• Public Elementary and Secondary School Revenue
    per 1,000 Personal Income (Table 56)
  • Percent of Public Elementary and Secondary School
    Current Expenditures used for Instruction (Table
    134)
  • Percent of Population Graduated from High School
    (Table 171)
  • Averaged Freshman Graduation Rate for Public High
    Schools (Table 174)
  • Percent of Public School Fourth Graders
    Proficient or Better in Reading (Table 203)
  • Percent of Public School Eighth Graders
    Proficient or Better in Reading (Table 211)
  • Percent of Public School Fourth Graders
    Proficient or Better in Writing (Table 219)
  • Percent of Public School Eighth Graders
    Proficient or Better in Writing (Table 227)
  • Percent of Public School Fourth Graders
    Proficient or Better in Mathematics (Table 235)
  • Percent of Public School Eighth Graders
    Proficient or Better in Mathematics (Table 243)
  • Average Teacher Salary as a Percent of Average
    Annual Pay of All Workers (Table 364)
  • Average Daily Attendance as a Percent of Fall
    Enrollment in Public Elementary and Secondary
    Schools (Table 398)
  • Percent of School-Age Population in Public
    Schools (Table 389)
  • High School Drop Out Rate (Table 191) -
  • Special Education Pupil-Teacher Ratio (Table 339)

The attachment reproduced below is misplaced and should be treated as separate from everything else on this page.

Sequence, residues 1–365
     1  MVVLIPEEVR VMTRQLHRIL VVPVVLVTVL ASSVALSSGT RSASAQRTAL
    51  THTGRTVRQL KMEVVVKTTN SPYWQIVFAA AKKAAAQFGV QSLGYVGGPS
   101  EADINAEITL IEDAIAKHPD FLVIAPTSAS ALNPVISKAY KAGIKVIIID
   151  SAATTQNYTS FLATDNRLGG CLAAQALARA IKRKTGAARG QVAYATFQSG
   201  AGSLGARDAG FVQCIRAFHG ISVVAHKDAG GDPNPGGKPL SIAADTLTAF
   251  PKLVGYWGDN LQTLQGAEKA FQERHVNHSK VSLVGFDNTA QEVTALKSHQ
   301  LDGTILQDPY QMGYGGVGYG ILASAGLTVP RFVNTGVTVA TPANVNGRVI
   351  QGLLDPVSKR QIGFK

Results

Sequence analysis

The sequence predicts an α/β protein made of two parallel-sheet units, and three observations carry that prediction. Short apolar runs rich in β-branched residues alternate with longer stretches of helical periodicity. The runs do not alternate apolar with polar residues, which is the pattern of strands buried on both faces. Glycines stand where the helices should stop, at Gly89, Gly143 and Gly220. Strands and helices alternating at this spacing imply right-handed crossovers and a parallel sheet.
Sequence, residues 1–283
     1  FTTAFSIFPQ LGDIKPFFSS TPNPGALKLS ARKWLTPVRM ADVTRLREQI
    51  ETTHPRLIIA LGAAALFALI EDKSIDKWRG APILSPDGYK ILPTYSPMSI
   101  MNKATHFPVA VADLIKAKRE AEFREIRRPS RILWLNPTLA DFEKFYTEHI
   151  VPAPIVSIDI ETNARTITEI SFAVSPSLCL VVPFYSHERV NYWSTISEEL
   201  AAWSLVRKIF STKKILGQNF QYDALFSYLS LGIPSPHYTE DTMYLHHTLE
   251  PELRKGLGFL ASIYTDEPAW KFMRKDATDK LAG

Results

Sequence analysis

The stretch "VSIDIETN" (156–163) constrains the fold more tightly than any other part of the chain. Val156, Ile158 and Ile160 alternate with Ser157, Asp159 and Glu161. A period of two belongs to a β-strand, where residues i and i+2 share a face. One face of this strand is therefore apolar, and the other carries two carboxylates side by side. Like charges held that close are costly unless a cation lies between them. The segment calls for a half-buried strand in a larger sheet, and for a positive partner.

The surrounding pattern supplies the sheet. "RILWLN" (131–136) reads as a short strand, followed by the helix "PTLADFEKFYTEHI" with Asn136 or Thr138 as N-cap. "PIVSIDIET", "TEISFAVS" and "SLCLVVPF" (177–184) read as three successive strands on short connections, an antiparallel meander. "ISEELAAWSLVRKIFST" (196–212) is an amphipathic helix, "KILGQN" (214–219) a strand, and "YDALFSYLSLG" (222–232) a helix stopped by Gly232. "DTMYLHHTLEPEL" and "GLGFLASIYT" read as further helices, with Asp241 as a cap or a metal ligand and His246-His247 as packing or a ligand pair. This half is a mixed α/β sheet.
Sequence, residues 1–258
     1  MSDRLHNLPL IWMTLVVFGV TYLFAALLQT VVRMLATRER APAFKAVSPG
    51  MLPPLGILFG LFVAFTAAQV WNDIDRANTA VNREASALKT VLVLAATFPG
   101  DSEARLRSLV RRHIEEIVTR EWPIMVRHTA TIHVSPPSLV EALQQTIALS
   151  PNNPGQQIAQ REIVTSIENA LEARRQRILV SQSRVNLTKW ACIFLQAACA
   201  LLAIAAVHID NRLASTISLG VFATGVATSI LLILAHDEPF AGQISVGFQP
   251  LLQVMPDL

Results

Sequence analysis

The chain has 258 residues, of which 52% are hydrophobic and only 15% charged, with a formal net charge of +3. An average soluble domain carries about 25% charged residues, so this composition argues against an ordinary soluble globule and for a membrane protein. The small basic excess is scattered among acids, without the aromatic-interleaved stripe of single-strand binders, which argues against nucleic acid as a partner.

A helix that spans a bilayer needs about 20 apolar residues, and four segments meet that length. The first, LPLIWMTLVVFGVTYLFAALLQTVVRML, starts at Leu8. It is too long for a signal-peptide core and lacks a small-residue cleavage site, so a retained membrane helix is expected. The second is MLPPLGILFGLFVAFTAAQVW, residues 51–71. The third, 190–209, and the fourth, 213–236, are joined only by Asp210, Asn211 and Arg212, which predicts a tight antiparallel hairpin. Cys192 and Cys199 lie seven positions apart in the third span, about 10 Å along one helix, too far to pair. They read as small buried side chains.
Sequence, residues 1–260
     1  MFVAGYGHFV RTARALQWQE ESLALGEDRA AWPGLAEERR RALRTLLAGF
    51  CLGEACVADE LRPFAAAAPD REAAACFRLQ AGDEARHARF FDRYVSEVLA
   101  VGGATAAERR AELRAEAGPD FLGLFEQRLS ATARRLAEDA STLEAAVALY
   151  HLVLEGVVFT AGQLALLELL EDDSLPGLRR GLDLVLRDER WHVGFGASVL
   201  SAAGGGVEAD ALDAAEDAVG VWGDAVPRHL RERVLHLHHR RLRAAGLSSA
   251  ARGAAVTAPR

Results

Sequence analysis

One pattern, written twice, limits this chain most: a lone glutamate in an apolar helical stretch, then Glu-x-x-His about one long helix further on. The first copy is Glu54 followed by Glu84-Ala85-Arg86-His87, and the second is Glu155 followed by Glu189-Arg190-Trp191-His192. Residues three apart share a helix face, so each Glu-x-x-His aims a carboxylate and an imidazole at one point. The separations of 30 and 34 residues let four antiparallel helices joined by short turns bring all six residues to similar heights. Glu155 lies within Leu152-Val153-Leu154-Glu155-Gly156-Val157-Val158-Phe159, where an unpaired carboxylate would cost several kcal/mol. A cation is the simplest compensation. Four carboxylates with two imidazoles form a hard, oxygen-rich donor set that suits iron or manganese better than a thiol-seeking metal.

-
  • Percent of Public Elementary and Secondary School
    Staff Who are School District Administrators
    (Table 380) -
  • Average Class Size in Public Elementary Schools
    (Table 425) -
  • Average Class Size in Public Secondary Schools
    (Table 426) -
  • Median Pupil-Teacher Ratio in Public Primary
    Schools (Table 429) -

17
Hard Facts
Page 9
  • Behavior is learned and serves a specific
    purpose.
  • Behavior is related to the context in which it
    occurs.
  • For every year a behavior is in place it takes at
    least one month for that behavior to have a
    significant change.
  • Children comply with the rules 80 of the time.
    However they are complimented for their behavior
    less than..

2 of the time
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19
What is Needed to Address These Challenges?
20
A man walks up to an elevator with a lion
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Hes completely harmless unless something
startles him.
23
What Problems Do You Encounter?
K P T

24
What Problems Do You Encounter?
Kid Parent Teachers/staff
Out of seat Aggressive behavior Verbal outbursts Bullying Physical aggression Coming out late Not home Coming out late Giving candy/treats Not supervising line Vending machines